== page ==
McSally Suggests That Supporters ‘Fast A Meal’ To Come Up With Funds For Her Campaign

on April 4, 2017 in Washington, DC.
WASHINGTON, DC - APRIL 04: House Homeland Security Committee's Border and Maritime Security Subcommittee Chairwoman Martha McSally (R-AZ) arrives for a hearing in the House Visitors Center at the U.S. Capitol April ... WASHINGTON, DC - APRIL 04: House Homeland Security Committee's Border and Maritime Security Subcommittee Chairwoman Martha McSally (R-AZ) arrives for a hearing in the House Visitors Center at the U.S. Capitol April 4, 2017 in Washington, DC. The heard testimony about the Department of Homeland Security's new Border Security Task Forces. (Photo by Chip Somodevilla/Getty Images) MORE LESS

Arizona Sen. Martha McSally (R) who is trailing in polls behind a Democratic challenger, recently told supporters to “fast a meal” and donate those funds to her campaign.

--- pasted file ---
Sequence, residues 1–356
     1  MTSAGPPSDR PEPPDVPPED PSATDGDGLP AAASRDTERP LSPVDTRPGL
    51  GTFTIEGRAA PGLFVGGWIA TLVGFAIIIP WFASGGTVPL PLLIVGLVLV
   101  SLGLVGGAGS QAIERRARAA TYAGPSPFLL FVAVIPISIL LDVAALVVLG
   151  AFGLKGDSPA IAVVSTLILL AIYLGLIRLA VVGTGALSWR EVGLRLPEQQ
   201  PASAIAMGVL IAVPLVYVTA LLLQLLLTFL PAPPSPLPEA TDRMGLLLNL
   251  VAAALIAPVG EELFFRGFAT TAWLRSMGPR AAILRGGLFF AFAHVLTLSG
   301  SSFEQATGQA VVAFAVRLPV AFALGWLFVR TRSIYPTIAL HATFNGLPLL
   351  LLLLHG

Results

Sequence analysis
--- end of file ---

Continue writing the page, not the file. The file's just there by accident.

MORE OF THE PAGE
In an audio recording obtained by Arizona’s Family, the Republican senator who was endorsed by Trump, explained to her audience that more money would be needed to defeat her opponent Mark Kelly whose fundraising efforts have slotted him above her.

“We’re doing our part to catch up, you know, to get our message out. But it takes resources. So, anybody can give, I’m not ashamed to ask, to invest,” McSally pleaded at a recent campaign in northern Arizona. “If you can give a dollar, five dollars, if you can fast a meal and give what that would be.” 

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Although she has been a top fundraiser among GOP peers, McSally’s $11 million in cash is still just about half the size of Kelly’s $21 million.

McSally’s comments come as many Americans continue to struggle under the financial duress of a COVID-19 economy that has shattered their livelihood.

McSally’s campaign has said the suggestion to skip a meal was a joke.

Caroline Anderegg, a McSally campaign spokeswoman shrugged pushback, calling it a “dumb, non-story” about a candidate. Anderegg told the Arizona Republic that it was “disgusting” that the Senator’s comments were being used to launch “a misleading character assassination.”

“Martha has written checks to people on her block that can’t afford their groceries,” Anderegg said.

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